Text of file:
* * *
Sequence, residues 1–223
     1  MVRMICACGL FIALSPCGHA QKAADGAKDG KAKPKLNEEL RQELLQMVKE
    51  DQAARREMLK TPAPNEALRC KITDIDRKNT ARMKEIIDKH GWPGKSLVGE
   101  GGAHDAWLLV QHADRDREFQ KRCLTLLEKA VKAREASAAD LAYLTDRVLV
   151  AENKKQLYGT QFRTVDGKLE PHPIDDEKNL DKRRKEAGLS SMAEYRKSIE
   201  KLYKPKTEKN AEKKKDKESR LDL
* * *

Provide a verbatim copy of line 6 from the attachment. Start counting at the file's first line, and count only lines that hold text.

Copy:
   201  KLYKPKTEKN AEKKKDKESR LDL